IT’S NOT THAT I’VE NEVER DONE A PANICKED, last-minute smash-and-grab around the shops the night before a holiday. Or – as is proper – followed the hard-won tricks ﬂogged by many a women’s magazine on how to totally rid myself of proof of a winter spent eating M&S cottage pie in a mere three days. Far from it; I’ve always looked to a trip as a chance to reinvent myself – albeit temporarily – as either some kind of free-spirited boho princess or neon-loving Miami party girl, and packed accordingly. I’ve then lived out the dream for all of six nights, generally in a cheap, polyester manifestation of it, courtesy of an overstuffed rail in H&M. Polyester that it’s highly unlikely I’d wear again, I might add.
And why have I done it? Spent money I don’t have on things I don’t need for a jaunt that lasts no longer than a week? Escape, I guess. Fantasy. The promise that if you get your ensemble just right, then the parallel universe you’ve cast yourself in will seamlessly come together around you – holiday alchemy enabled by the perfect bikini. Truly ﬁnding yourself on beach in Bali – but only if you’re wearing exactly the right kind of hat. That’s the power of fashion, chaps. It can transport you to a different world, but also helps you stay ﬁrmly in the moment once you’re there. Silly? Perhaps. But I’d argue it’s also healing.
At least, it was. Those were the reasons I used to do those ill-advised shopping hauls. For me. For my little bubble. Where the pressure was less, the livin’ was easy, and the only person who would actively be judging my holiday pictures would be the bloke developing them in Boots. I didn’t care about looking cool, or cultured, or connected for the beneﬁt of an internet full of strangers. I just wanted to get a tan and meet a boy.
Now, though? Now I pack because: photos. I go to restaurants because: photos. I jaywalk, cajole, annoy and do everything apart from chill out because: photos. My Instagram becomes a factory of smug where I don’t just eat cheese, I compulsively photograph it on a rooftop. I have willingly spent Dhs2,000 on a swimsuit that I know rides up my bum but will look good in a picture. In fact, according to The Guardian, ASOS estimates that only 70 percent of the swimwear it sells is actually used for swimming.
So yes, all this may make me an example of everything that is broken in society today, but I also certainly know I’m not alone. There are 79 million pictures hashtagged ‘holiday’ on Instagram. Granted, most of them are mine, but still – you do it too. Don’t pretend you’ve never suffered the undigniﬁed acrobatics of trying to get a photo on an inﬂatable ﬂamingo. I see you.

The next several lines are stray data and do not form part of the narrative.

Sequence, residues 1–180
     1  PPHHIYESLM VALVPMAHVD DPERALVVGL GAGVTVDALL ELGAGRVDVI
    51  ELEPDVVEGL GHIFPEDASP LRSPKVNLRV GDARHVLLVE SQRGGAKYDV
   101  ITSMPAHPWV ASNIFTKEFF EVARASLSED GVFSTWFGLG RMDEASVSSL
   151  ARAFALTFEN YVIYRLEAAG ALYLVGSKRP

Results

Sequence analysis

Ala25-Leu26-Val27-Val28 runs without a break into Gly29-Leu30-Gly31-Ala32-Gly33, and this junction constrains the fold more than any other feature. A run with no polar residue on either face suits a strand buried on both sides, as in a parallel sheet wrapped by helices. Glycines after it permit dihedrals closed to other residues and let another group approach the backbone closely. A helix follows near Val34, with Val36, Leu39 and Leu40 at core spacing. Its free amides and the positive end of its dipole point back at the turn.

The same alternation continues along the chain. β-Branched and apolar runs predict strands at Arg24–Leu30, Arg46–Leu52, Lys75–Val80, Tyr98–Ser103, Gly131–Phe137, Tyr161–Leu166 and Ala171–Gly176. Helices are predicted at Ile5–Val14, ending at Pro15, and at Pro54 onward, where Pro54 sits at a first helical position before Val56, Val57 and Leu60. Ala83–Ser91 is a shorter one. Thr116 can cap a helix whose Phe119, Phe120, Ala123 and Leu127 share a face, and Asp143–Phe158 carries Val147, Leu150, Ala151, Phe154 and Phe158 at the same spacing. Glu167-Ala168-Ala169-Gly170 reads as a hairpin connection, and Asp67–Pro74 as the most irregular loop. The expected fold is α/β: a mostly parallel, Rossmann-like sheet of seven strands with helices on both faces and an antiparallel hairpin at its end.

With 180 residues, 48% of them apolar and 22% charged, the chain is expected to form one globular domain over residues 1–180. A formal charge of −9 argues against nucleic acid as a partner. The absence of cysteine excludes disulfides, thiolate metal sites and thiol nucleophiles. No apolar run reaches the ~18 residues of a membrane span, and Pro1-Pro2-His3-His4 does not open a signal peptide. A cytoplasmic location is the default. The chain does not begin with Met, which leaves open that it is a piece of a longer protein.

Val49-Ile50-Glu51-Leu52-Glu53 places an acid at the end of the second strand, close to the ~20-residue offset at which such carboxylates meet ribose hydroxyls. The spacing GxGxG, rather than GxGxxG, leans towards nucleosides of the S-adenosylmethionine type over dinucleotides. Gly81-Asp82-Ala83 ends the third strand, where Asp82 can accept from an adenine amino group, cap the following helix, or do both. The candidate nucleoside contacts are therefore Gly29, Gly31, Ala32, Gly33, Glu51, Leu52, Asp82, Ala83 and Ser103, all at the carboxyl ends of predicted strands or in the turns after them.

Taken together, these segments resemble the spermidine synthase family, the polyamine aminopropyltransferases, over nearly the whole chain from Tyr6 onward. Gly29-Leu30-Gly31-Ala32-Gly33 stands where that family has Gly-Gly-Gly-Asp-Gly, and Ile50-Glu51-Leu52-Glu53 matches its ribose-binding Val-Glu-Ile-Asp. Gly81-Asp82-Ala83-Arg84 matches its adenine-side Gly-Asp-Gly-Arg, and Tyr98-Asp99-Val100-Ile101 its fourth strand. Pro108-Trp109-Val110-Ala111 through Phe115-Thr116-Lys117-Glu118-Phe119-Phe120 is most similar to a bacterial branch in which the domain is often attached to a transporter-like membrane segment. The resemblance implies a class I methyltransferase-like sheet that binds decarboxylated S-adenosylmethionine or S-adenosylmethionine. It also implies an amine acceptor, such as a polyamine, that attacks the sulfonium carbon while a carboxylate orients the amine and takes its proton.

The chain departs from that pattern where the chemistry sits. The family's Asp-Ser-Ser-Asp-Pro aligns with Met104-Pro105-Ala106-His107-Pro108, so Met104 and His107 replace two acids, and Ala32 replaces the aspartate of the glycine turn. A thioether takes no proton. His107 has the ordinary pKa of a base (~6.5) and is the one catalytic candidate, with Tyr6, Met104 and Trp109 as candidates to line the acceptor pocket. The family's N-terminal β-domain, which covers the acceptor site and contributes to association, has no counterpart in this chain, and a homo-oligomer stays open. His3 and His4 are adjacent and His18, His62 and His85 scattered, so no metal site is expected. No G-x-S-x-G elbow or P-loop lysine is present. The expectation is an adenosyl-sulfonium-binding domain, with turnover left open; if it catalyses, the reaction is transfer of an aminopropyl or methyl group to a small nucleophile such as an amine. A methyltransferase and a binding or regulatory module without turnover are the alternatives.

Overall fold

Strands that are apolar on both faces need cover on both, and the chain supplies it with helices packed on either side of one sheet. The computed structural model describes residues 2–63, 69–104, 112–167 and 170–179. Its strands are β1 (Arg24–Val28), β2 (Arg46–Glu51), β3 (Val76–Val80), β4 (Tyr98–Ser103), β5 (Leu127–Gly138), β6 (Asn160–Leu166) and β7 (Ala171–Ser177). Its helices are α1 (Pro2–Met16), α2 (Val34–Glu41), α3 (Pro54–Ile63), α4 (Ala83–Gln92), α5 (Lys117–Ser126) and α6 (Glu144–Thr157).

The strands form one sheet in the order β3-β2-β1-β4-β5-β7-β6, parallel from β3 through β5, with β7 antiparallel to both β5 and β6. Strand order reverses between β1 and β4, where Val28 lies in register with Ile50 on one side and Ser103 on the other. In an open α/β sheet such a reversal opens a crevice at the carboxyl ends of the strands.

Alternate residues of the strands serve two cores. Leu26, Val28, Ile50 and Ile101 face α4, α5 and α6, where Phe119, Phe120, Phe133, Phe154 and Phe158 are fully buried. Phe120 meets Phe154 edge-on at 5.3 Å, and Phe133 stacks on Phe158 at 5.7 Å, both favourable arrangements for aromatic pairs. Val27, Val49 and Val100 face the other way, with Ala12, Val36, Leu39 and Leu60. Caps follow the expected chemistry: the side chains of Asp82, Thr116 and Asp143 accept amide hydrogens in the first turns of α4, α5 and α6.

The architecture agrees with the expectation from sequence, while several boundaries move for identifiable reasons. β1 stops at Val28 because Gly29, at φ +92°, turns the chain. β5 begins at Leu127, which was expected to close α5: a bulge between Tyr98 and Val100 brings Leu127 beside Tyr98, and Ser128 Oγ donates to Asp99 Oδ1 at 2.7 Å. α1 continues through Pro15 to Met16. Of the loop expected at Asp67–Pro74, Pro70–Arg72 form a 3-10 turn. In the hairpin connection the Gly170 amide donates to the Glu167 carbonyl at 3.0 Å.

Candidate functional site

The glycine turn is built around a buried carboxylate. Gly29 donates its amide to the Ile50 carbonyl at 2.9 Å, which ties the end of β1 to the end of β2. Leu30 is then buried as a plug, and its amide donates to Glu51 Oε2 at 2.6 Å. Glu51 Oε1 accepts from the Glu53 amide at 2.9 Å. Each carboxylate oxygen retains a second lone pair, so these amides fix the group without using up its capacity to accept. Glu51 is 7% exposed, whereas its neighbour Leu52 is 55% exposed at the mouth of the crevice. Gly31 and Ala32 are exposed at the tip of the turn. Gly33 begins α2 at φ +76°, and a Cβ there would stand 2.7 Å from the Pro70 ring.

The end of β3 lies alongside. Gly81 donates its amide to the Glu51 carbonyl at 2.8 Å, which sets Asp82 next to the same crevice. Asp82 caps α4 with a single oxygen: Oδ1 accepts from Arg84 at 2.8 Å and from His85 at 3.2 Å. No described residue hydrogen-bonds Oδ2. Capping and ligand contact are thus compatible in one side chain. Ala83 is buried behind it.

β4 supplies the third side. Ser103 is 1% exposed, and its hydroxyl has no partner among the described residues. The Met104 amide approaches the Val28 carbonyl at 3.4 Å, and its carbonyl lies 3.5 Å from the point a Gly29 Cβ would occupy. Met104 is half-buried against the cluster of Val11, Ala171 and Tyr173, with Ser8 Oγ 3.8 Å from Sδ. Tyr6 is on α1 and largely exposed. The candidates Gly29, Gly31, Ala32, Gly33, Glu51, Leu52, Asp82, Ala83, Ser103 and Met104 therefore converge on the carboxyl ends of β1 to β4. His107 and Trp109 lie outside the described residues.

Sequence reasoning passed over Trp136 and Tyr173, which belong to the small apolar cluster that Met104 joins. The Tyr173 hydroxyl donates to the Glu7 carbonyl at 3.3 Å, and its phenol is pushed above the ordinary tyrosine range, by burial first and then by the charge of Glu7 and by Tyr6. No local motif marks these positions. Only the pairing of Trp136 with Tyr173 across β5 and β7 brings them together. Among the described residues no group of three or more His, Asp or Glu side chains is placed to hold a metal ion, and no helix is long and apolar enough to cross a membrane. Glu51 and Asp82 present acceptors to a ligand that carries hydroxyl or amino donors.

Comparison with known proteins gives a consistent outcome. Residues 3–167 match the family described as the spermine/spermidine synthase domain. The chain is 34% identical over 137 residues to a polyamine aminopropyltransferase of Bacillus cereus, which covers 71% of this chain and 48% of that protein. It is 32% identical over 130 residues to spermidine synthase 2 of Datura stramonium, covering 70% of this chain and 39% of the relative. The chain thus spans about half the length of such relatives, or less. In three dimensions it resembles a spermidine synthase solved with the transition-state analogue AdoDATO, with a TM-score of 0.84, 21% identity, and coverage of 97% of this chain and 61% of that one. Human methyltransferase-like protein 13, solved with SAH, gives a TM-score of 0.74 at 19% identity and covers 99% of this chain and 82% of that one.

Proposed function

Social media’s omnipresent, vice-like grasp has meant that now, the way we vaycay – and, by extension, shop, pack and even plan itineraries – is almost unrecognisable. Travelonline.com recently conducted a survey where 15 percent of people said they choose their holiday destination by how it would look on social media. And, for me at least, it’s led to mean that what should be a crucial, re-energising break is now a festival of competitive holidaymaking.
Case in point: as I type, I’m sitting in what could be described as the epicentre of an Instadream. I’m in a room at the Andaz on Sunset Strip in Hollywood. Outside, palm trees sway against a startlingly blue LA sky. It’s a location so pivotal to rock’n’roll – Led Zeppelin drove motorbikes down the corridors, Jim Morrison was evicted for hanging off the 10th ﬂoor balcony by his ﬁngers – that it’s putting me on edge. Why? Because simply sitting back and just being inspired by the history seems impossible. All I want to do is document it. I want to ﬁnd the perfect corner, the perfect light. Do a selﬁe in the chair Lemmy wrote Motörhead in. Write the wittiest yet most nonchalant-sounding caption of my Insta-career. But – ﬁrst and foremost – I want people to know I’m here. And that I look thin.
What once would have been a special experience is now wracked with anxiety. I’m living with constant FOMAP – fear of missing a picture – and spending far too much time thinking about angles and whether I’ve wasted the wrong outﬁt on the wrong place. Honestly, girls that do it for a living – fair play to you. You must be knackered. There’s a real art to capturing so much choreographed spontaneity, let me tell you.
There’s one critical difference, though. For them, it’s work. For me, it’s supposed to be a break. And the sooner I realise that, the sooner I can go back to eating cheese completely uninterrupted.